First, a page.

Most Christian music, however, has been composed for use in worship. The earliest surviving music is the chant of the ancient churches, Gregorian, Byzantine, Syrian, Egyptian, Ethiopian, Armenian. Related to these are Anglican plainsong and the chant of the Slavic churches. This music is filled with an austere beauty and able to create space for worship of a type that modern worship music does not. The Renaissance produced music so beautiful one imagines that the angels in heaven must use it as they gather around the Throne of the Almighty, especially Palestrina but also Tallis, Allegri, and others. All of this ancient, beautiful music for worship stands within the same musical tradition and is very valuable.
Composers of classical music have also written music for times of worship. Tchaikovsky wrote settings for the Divine Liturgy of St. John Chrysostom. Monteverdi wrote Vespers. Verdi and Mozart both wrote Requiems. Vivaldi wrote a Mass. Their music has also been applied to hymns by different lyricists, such as Beethoven’s “Ode to Joy” providing the tune to “Joyful, Joyful.”
Also important is the tradition of hymnody. I speak now of music with English lyrics. These old hymns are worthy to be sung in congregations all of the world. The best of them have resonant theology with captivating music. My favourite hymnographers are Charles Wesley and John Mason Neale. Some of my favourite hymns by other writers are “Let All Mortal Flesh Keep Silence,” “Alleluia! Sing to Jesus,” “I Cannot Tell Why He Whom Angels Worship,” “As I Survey the Wondrous Cross,” and “Holy, Holy, Holy.”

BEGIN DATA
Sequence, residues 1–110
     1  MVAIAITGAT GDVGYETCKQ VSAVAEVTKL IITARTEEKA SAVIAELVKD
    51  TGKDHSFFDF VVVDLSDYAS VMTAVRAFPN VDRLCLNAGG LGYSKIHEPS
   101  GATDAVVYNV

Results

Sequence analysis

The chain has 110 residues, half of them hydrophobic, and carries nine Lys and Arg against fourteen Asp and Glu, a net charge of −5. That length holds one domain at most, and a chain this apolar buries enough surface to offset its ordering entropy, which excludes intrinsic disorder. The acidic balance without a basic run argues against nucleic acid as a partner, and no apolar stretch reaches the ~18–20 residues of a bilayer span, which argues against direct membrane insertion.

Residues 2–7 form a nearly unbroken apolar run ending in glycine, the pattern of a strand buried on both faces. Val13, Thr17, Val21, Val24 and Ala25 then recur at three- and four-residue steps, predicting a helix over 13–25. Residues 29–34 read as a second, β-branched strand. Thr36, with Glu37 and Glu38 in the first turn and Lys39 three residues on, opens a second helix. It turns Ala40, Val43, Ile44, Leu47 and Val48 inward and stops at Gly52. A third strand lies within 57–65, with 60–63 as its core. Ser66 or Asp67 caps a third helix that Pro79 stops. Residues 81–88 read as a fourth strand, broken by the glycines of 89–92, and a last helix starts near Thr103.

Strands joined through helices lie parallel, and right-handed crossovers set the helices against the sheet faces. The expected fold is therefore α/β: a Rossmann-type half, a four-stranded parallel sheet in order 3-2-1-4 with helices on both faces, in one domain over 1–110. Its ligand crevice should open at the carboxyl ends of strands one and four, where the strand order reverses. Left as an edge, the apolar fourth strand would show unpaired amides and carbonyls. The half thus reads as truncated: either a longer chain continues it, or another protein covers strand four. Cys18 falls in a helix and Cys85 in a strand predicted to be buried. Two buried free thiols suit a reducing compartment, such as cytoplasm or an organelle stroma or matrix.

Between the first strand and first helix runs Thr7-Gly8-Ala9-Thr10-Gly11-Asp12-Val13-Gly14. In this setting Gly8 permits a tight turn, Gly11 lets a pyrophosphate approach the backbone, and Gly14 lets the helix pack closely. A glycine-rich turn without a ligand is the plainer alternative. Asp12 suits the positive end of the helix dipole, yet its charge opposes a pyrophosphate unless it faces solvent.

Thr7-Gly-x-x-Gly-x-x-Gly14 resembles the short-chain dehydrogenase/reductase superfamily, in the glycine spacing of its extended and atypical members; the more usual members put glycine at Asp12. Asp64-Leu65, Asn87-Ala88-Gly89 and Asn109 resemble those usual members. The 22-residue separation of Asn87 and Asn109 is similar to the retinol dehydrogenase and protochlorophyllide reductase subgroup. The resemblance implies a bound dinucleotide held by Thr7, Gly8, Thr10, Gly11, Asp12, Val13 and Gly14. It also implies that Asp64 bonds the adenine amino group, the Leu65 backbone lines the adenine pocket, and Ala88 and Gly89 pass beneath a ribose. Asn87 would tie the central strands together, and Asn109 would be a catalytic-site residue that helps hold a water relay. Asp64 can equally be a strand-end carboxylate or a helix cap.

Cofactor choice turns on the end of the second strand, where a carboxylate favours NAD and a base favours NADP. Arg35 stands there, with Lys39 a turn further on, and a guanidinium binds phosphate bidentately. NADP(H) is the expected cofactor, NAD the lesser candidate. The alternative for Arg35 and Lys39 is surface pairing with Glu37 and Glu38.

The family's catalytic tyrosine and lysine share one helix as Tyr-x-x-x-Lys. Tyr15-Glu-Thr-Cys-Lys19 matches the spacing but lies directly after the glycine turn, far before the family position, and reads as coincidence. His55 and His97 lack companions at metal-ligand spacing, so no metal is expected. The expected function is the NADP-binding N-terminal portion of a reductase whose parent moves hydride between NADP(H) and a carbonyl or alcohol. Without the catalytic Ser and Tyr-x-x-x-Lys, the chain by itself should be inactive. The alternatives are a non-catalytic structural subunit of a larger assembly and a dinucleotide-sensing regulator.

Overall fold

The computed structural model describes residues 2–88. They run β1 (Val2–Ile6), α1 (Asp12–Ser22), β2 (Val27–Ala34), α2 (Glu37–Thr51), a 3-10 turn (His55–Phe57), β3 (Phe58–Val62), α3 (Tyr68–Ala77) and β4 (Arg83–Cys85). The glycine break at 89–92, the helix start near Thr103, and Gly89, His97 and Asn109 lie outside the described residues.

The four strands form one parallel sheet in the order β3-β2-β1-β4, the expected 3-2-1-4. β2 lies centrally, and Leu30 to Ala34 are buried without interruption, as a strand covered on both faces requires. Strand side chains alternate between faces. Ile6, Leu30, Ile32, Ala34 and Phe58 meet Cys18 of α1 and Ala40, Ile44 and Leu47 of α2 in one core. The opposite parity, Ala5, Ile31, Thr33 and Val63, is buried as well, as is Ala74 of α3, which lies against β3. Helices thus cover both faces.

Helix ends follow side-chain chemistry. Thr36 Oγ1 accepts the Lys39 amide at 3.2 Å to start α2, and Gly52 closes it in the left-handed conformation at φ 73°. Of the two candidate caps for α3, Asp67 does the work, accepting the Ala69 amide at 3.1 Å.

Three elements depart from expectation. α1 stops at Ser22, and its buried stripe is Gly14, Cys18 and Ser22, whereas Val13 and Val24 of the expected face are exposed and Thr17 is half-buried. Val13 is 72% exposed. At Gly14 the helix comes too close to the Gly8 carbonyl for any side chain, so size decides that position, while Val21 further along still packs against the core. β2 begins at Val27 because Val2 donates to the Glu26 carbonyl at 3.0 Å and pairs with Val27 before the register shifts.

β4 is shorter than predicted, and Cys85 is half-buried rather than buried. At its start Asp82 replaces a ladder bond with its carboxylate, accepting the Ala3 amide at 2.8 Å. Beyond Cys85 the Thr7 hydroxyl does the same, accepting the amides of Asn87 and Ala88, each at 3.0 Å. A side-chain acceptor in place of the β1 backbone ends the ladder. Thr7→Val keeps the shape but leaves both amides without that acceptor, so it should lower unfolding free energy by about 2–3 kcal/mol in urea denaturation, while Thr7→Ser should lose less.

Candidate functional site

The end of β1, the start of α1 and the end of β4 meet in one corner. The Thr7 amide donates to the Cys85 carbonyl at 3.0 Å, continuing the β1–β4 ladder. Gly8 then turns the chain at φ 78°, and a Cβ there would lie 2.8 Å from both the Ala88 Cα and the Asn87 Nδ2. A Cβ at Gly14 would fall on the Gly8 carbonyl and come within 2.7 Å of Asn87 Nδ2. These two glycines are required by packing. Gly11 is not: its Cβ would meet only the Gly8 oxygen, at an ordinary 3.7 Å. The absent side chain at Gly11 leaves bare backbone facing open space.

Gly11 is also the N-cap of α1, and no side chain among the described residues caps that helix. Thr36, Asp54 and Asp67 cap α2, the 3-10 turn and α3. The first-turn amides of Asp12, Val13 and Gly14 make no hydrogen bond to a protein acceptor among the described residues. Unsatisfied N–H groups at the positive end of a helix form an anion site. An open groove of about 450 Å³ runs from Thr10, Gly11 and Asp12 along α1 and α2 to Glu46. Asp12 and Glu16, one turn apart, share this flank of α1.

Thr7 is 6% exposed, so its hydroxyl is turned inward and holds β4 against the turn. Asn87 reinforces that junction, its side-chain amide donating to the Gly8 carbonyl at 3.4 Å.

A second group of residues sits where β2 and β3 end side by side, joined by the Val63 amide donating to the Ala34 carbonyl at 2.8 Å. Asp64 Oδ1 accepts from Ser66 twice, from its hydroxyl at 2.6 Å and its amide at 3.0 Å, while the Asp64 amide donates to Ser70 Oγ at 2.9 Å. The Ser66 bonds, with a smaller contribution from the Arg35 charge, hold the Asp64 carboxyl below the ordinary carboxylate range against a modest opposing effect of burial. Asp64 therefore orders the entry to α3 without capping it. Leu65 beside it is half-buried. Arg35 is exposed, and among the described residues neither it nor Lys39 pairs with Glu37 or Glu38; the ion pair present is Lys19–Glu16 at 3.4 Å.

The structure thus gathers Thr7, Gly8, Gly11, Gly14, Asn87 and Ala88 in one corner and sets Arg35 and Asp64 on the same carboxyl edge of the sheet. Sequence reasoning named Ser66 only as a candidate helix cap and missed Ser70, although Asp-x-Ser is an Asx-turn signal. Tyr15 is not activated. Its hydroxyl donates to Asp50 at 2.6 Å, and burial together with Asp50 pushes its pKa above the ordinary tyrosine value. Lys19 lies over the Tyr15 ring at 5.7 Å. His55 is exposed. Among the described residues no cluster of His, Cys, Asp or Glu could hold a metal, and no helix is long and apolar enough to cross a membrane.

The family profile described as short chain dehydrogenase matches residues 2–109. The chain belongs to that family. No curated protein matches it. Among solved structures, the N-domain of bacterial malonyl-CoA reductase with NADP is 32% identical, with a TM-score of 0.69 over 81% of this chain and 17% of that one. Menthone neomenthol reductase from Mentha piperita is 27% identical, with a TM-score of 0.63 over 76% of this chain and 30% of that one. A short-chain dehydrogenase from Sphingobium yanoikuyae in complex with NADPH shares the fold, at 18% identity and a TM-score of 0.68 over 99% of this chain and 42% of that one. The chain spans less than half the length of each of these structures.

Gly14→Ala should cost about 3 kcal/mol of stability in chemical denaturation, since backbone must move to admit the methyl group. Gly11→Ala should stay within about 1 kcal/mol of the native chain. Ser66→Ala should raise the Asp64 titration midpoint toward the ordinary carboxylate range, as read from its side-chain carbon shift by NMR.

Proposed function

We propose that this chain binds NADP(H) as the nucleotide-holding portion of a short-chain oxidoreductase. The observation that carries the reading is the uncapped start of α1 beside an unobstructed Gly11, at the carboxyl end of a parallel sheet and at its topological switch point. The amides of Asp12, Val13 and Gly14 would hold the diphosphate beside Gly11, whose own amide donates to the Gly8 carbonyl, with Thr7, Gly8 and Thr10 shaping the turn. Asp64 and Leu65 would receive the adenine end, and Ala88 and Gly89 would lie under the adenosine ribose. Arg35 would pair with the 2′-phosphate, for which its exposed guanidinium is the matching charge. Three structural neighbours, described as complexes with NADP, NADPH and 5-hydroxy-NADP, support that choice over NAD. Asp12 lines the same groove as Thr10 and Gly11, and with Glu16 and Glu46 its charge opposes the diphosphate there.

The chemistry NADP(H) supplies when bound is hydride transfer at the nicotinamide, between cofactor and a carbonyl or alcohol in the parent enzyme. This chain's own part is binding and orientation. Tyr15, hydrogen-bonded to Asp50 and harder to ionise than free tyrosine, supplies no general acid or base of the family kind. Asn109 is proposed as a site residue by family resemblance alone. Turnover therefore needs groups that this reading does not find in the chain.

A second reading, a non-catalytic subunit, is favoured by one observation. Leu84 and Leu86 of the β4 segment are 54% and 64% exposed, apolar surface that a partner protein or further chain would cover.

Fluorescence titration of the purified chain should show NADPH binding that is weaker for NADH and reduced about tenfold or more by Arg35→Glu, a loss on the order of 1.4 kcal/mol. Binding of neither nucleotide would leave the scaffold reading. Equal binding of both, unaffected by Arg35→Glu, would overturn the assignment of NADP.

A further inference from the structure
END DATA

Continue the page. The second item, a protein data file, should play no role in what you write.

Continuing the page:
In modern worship, these hymns sometimes fall through the cracks as we seek to be cool and contemporary and relevant, singing only the newest and hippest songs. Yet these songs, these tunes with these words, connect us to the tradition of Christians who have gone before us, passing along their thoughts and theology, their beauty and sense of holiness. I encourage leaders of worship to keep the hymns in the repertoire amongst the newer songs.
Exciting to my mind are some new hymns that have been produced (we’re talking hymn as a musical genre). The only things that come immediately to mind are “In Christ Alone,” and “How Deep the Father’s Love for Us.” Other musicians who have kept links to the old music, old poems, and old theology have produced new music for liturgical settings, as John Michael Talbot who has essentially produced the entire Mass and Steve Bell who has a version of the Sanctus, “Holy Lord.” Steve Bell has also recorded musically new yet truly old songs on his album Devotion, though these are not all his own compositions.